The beautiful poem that takes up all of Chapter 4, ending in the first verse of Chapter 5 provides an apt illustration of the poetic art of The Song of Songs. I will look closely in this article at the wonderful transformations that the landscape of fragrant mountains and gardens undergoes from line 11 to the end of the poem. The first mountain and hill in line 11 are metaphorical, referring to the body of the beloved or, perhaps, as some have proposed, more specifically to the mons veneris.

It is interesting that the use of two nouns in the construct state to form a metaphor (“mountain of myrrh,” “hill of frankincense”) is quite rare elsewhere in biblical poetry, though it will be come a standard procedure in postbiblical Hebrew poetry. The natural manner with which the poet adopts that device here reflects how readily objects in the Song of Songs are changed into metaphors. The Hebrew for “frankincense” is levonah, which sets up an intriguing faux raccord with “Lebanon,” levanon, two lines down. From the body as landscape — an identification already adumbrated in the comparison of hair to flocks coming down from the mountain and teeth to ewes coming up from the washing – the poem moves to an actual landscape with real rather than figurative promontories.

If domesticated or in any case gentle animals populate the metaphorical landscape at the beginning, there is a new note of danger or excitement in the allusion to the lairs of panthers and lions on the real northern mountainside. The repeated verb “ravish” in line 16, apparently derived from lev, “heart,” picks up in its sound (libavtini) the inter-echo of levonah (frankincense) and levanon (Lebanon), and so triangulates the body-as-landscape, the external landscape, and the passion the beloved inspires.

The last thirteen lines of the poem, as the speaker moves toward the consummation of love intimated in lines 26-29, reflect much more of an orchestration of the semantic fields of the metaphors: fruit, honey, milk, wine, and, in consonance with the sweet fluidity of this list of edibles, a spring of fresh flowing water and all the conceivable spices that could grow in a well irrigated garden. Lebanon, which as we have seen has already played an important role in threading back and forth between the literal and figurative landscapes, continues to serve as a unifier.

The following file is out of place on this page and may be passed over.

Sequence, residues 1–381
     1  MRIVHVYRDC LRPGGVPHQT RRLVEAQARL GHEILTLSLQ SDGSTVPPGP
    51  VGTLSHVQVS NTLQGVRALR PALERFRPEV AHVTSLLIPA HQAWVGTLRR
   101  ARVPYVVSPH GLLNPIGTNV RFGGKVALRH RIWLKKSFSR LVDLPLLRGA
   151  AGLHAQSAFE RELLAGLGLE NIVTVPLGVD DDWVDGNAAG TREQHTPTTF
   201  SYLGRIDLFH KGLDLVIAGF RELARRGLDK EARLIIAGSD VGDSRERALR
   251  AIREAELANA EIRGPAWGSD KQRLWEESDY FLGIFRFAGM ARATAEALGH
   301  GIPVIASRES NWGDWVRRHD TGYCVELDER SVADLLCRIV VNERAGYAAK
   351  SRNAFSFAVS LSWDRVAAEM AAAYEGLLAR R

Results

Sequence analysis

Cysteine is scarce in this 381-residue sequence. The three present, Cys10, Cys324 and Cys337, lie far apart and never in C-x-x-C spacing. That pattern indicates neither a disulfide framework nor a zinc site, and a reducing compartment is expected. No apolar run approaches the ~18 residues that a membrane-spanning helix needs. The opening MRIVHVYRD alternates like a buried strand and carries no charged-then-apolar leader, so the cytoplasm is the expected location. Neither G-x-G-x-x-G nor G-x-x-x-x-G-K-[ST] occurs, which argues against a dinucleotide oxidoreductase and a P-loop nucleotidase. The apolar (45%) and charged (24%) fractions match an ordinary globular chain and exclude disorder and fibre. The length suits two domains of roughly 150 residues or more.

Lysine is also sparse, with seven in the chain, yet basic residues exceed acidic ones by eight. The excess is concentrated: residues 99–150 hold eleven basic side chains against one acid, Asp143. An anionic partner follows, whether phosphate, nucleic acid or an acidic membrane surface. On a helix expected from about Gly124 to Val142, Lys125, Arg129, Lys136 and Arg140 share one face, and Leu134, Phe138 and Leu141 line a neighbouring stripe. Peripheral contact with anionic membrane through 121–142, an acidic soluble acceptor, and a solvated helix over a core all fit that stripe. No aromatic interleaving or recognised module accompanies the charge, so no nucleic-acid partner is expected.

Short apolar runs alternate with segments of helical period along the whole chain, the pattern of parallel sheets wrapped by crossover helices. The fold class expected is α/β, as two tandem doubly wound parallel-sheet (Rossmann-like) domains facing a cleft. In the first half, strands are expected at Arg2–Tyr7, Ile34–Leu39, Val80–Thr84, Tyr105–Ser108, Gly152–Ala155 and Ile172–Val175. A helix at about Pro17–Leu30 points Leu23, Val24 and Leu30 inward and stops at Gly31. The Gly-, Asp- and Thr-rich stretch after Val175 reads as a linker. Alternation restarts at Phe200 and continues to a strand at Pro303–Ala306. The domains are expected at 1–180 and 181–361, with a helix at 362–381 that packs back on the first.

The scent of the beloved’s robes is like Lebanon’s scent (line 18), no doubt because Lebanon is a place where aromatic trees grow, but also with the suggestion (again fusing figurative with literal) that the scent of Lebanon clings to her dress because she has just returned from there (lines 13-15). “All aromatic woods” in line 21 is literally in the Hebrew “all the trees of levonah,” and the echo of levonah-levanon is carried forward two lines later when the locked spring in the garden wells up with flowing water (nozlim, an untranslatable poetic synonym for water) from the mountain streams of Lebanon.

There is a suggestive crossover back from the actual landscape to a metaphorical one. The garden at the end that the lover enters – and to “come to” or “enter” often has a technical sexual meaning in biblical Hebrew – is the body of the beloved; one is not hard put to see the physiological fact alluded to in the fragrant flowing of line 25 (the same root as nozlim in line 23) that precedes the enjoyment of luscious fruit.

Although we know, and surely the original audience was intended to know, that the last half of the poem conjures up a delectable scene of love’s consummation, this garden of aromatic plants, wafted by the gentle winds, watered by a hidden spring, is in its own right an alluring presence to the imagination (before and after any decoding into a detailed set of sexual allusions). The poetry by the end becomes a kind of self-transcendence of double meaning: the beloved’s body is, in a sense, “represented” as a garden, but it also turns into a real garden, magically continuous with the mountain landscape so aptly introduced at the midpoint of the poem.

From: The Art of Biblical Poetry by Robert Alter (Basic Books, 1985). Reprinted by permission of the author.
Robert Alter is professor of Hebrew and Comparative literature at the University of California at Berkeley. He has written broadly on biblical and modern Hebrew literature.



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